al-Qaeda, Taliban, and now ISIS: What’s next?

Counter-terror efforts focusing on neutralizing the threat at hand without addressing ideological motivations behind are akin to chopping off the branches while leaving behind the roots – A new plant is bound to sprout sooner or later. The result: An Osama bin Laden dies, an Abu Bakr al-Baghdadi comes to the scene. An Omar Mateen is killed, an Ali Artan is born.

Dr. Muhammad Tahir ul-Qadri, a former professor of Islamic law, and author of Fatwa on Terrorism and Suicide Bombings, writes in the introduction to his Islamic Curriculum on Peace and Counter Terrorism:

Among the many causes of terrorism, the role of theology cannot be understated. Some people, either through genuine ignorance or for other less-innocent reasons, try to deflect the blame for radicalization entirely on to foreign policy and military ventures in the Middle East and elsewhere. While these issues no doubt play a significant role in the process of radicalisation, too often the theologically-based narratives that underpin the ideology of the extremists are downplayed or underestimated.

On homegrown radicalism, the Shaykh comments:

While young Muslims travelling abroad to fight what they see as Jihad is not entirely a new phenomenon, but [videos of] brutal beheadings committed by British ISIS recruits have certainly heightened public awareness of Muslims on the issue of extremism. The three London schoolgirls captured on CCTV footage travelling to become jihadi brides became emblematic of the way many young people, seemingly bright and from stable homes,have been lured to join groups such as ISIS, feeling a new sense of purpose in their travels to distant lands that are a far cry from the comforts of the Western world they once called ‘home’.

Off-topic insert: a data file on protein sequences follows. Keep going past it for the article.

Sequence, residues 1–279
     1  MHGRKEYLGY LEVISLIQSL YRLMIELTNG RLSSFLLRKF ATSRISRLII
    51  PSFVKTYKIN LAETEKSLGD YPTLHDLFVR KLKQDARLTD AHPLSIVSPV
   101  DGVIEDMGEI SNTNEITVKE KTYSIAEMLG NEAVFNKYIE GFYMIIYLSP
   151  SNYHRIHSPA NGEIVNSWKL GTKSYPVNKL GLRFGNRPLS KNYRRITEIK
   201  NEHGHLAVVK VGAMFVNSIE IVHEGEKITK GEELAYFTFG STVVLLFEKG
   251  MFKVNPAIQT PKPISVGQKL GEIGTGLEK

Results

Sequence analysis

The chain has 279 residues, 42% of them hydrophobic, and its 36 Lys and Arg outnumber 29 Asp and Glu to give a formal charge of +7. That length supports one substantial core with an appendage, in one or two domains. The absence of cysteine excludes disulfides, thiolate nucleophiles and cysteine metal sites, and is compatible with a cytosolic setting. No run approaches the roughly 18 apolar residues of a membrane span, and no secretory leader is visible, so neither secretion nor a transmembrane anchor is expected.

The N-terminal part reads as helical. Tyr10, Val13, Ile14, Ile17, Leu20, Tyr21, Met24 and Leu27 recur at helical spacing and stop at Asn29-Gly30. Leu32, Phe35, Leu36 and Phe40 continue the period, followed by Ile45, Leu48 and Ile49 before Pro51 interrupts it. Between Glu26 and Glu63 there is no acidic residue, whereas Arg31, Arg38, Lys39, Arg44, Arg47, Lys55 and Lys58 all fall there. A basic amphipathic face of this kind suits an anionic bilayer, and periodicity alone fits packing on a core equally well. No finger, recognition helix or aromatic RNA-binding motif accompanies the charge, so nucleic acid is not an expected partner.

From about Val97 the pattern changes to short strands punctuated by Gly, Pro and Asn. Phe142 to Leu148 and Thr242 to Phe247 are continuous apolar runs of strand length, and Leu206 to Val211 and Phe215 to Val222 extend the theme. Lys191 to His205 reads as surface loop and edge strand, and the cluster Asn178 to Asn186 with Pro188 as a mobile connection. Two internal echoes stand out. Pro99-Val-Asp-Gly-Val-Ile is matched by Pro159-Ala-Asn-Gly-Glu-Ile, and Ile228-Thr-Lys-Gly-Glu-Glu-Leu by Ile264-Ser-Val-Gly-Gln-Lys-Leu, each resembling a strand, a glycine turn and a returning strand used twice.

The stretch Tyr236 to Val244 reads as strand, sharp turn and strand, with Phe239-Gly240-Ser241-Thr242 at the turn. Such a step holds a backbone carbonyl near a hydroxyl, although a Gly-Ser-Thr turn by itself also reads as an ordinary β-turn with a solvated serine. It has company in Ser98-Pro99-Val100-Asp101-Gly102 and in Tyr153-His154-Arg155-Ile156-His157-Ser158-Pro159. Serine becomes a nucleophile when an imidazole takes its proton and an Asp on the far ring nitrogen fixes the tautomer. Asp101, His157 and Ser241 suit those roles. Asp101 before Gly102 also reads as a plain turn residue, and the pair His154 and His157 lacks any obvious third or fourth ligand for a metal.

It is clear from these examples that young Muslims are being radicalised under the very noses of their oblivious families, friends, teachers and mosque Imams. Not only are the lives of families devastated by these youngsters, but if they return home, they become a potential national security threat. Even if they are not actively being sent back as sleeper terrorists, their enhanced grievances against their former governments coupled with their newly-developed skills and training make them ticking time-bombs.

Dismantling the “framework of distorted theological reference points and scriptural justifications that form the foundations of radical ideology“, the professor concludes, should thus be an essential part of any counterterrorism policy if it is to be effective in the long run. In other words, Islamic extremism will keep rearing its ugly head in increasingly violent incarnations of Jihadi terrorism until its single largest source, neo-Kharijite influences within contemporary Muslim religious thought, are identified and rooted out.

We’ve started Project Nipthebud to this very end. We seek to reclaim our diverse religious tradition hijacked by Islamist extremists.

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